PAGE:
Early Career Academics Network
The Howard League for Penal Reform’s early career academics network is an internet based network to help you keep in touch with each other, provide a regular channel of communication and information about research and promote closer working and an interface between academics and campaigners. You can link up with other ECAN members through our Facebook group.
The network members’ pages will aim to develop debate, include articles, letters and opinion pieces. There are also periodic events aimed at ECAN members.
The network is intended for academics in their first post or post graduate students aiming for academic or research post. Anyone working in fields related to criminology, social policy, law, humanities or research interests related to these areas can join the network.
‘The Howard League’s Early Career Academic Network has provided me with a user-friendly and convenient way to develop my research ideas. I always find it constructive to explore other academics’ research interests to reflect and create my unique approach to research. The opportunity that ECAN provides for networking is invaluable, and usually one of the best ways to create opportunities is through meeting others. I will continue to use, and recommend the use of ECAN to others throughout my doctoral research and further into the development of my career as a social researcher.’ Claire de Motte, Nottingham Trent University
All members will receive an e-bulletin three times a year providing information about policy developments, resources and campaigns.
Download the latest e-bulletin: Redesigning Justice conference special No.1 July 2018 – Issue 37
In this issue you will find:
- Restorative and retributive justice: Could they be parallel streams?
Stephan Terblanche, University of South Africa
- Effective prisoner engagement through the promotion of sport motivation: Implications for policy and practice
Hannah Baumer, Royal Holloway, University of London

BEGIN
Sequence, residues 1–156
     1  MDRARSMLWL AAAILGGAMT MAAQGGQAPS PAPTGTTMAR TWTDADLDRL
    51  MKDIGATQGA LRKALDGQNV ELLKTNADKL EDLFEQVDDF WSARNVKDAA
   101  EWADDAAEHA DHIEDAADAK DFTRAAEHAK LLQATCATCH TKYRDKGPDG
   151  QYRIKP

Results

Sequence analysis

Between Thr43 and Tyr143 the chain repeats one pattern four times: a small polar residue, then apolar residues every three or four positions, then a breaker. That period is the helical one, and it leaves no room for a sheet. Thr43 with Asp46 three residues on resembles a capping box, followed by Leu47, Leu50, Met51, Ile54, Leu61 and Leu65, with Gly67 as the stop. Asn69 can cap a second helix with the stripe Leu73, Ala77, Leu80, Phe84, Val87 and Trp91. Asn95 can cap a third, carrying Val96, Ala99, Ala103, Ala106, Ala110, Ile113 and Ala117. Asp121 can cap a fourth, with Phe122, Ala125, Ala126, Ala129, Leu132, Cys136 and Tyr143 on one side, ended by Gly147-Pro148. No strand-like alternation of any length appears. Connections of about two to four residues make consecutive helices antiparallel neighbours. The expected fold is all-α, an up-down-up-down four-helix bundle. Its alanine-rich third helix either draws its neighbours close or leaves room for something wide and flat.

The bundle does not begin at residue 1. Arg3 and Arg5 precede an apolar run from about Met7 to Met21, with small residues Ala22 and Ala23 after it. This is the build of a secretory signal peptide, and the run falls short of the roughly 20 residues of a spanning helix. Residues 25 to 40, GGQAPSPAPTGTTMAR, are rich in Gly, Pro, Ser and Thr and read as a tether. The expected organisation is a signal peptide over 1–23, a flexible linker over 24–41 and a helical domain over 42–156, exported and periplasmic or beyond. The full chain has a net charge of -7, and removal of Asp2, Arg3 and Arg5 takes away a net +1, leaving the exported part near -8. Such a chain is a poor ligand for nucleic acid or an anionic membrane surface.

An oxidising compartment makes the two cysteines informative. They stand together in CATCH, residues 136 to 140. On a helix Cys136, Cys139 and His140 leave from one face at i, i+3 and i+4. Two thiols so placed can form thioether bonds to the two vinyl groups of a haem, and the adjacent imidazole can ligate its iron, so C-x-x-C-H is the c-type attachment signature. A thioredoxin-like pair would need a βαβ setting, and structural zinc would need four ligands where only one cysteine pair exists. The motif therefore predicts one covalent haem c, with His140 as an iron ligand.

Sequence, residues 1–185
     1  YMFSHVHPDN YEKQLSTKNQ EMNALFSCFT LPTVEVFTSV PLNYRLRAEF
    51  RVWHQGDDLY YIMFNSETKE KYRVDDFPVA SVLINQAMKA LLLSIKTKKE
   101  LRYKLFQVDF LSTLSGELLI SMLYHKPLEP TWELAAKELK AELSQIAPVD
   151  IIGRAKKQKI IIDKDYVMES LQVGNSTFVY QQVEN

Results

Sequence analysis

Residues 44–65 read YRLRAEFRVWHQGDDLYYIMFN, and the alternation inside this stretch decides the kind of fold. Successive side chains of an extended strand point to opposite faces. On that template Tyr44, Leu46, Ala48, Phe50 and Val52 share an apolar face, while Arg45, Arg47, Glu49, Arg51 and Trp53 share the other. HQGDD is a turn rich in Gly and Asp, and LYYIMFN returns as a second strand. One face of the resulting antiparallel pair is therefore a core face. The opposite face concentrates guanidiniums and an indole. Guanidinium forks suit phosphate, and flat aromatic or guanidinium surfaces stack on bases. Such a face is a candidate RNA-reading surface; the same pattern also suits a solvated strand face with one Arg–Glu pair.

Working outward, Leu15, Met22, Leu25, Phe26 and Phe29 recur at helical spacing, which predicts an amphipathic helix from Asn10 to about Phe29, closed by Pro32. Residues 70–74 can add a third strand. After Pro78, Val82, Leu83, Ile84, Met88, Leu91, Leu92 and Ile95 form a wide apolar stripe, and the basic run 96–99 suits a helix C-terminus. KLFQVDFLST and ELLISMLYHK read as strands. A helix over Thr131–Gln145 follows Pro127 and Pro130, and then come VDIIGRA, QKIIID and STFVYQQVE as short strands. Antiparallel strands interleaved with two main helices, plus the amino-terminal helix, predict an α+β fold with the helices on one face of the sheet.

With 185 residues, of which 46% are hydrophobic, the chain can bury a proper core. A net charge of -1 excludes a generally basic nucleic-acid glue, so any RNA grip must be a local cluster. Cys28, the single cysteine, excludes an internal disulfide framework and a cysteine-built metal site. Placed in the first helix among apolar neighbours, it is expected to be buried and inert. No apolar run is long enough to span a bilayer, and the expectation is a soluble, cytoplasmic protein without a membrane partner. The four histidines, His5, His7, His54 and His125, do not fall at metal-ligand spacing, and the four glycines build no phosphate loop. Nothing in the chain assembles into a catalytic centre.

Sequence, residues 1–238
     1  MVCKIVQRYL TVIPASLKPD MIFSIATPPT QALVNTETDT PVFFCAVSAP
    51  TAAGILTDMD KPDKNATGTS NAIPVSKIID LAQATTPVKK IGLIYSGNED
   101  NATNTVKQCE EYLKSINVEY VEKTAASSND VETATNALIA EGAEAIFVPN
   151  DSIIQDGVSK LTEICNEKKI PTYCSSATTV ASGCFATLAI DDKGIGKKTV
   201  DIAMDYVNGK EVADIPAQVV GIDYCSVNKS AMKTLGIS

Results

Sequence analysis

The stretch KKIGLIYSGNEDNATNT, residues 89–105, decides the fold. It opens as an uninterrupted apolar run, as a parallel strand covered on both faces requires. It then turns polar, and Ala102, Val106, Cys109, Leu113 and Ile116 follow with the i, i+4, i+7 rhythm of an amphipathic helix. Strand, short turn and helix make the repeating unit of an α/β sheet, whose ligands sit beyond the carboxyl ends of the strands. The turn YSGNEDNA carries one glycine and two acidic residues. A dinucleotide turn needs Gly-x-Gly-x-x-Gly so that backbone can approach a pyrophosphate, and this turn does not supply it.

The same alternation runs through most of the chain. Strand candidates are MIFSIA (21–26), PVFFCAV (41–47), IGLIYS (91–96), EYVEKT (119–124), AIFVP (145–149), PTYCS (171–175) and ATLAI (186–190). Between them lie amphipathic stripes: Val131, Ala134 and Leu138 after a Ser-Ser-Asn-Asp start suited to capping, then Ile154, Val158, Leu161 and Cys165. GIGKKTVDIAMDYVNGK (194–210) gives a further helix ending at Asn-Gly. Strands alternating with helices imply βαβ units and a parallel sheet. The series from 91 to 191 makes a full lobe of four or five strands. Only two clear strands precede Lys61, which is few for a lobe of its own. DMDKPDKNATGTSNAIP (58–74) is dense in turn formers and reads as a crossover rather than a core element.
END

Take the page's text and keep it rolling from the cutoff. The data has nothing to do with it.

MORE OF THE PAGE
- The Failure of Custody Visiting
John Kendall, Birmingham Law School
- Customary law – A challenge to justice in Indian legal framework: A case study of Meghalaya, a state in northeast India
Sanghamitra Sarker, University of Calcutta
- Learning from history by seeing it differently: frameworks for understanding the socio-historical development of youth justice
Justin Brett, University of Loughborough
In this issue you will find:
- Rethinking justice: The clinical model of responsibility without blame
Professor Hanna Pickard, University of Birmingham
- Measuring the social impact of Secure Training Centres in England and Wales
Claire Paterson-Young, University of Northampton
- Understanding the disproportionate representation of minority youth in special education and the juvenile justice system: A fundamental discussion for the justice of minority youth
Shameka Stanford, Howard University, Washington DC
- ‘Double deviancy’: The subjectivities of ‘motherhood’ and ‘criminality’ within the criminal justice system in England and Wales
Olivia Tolaini, SOAS, University of London
- Human Rights and Restorative Justice (edited Theo Gavrielides)
reviewed by Reem Radhi
- Madeleine Symons: Social and penal reformer (by Martin Ferguson Smith)
reviewed by Lorraine Atkinson
The previous bulletin can be found here.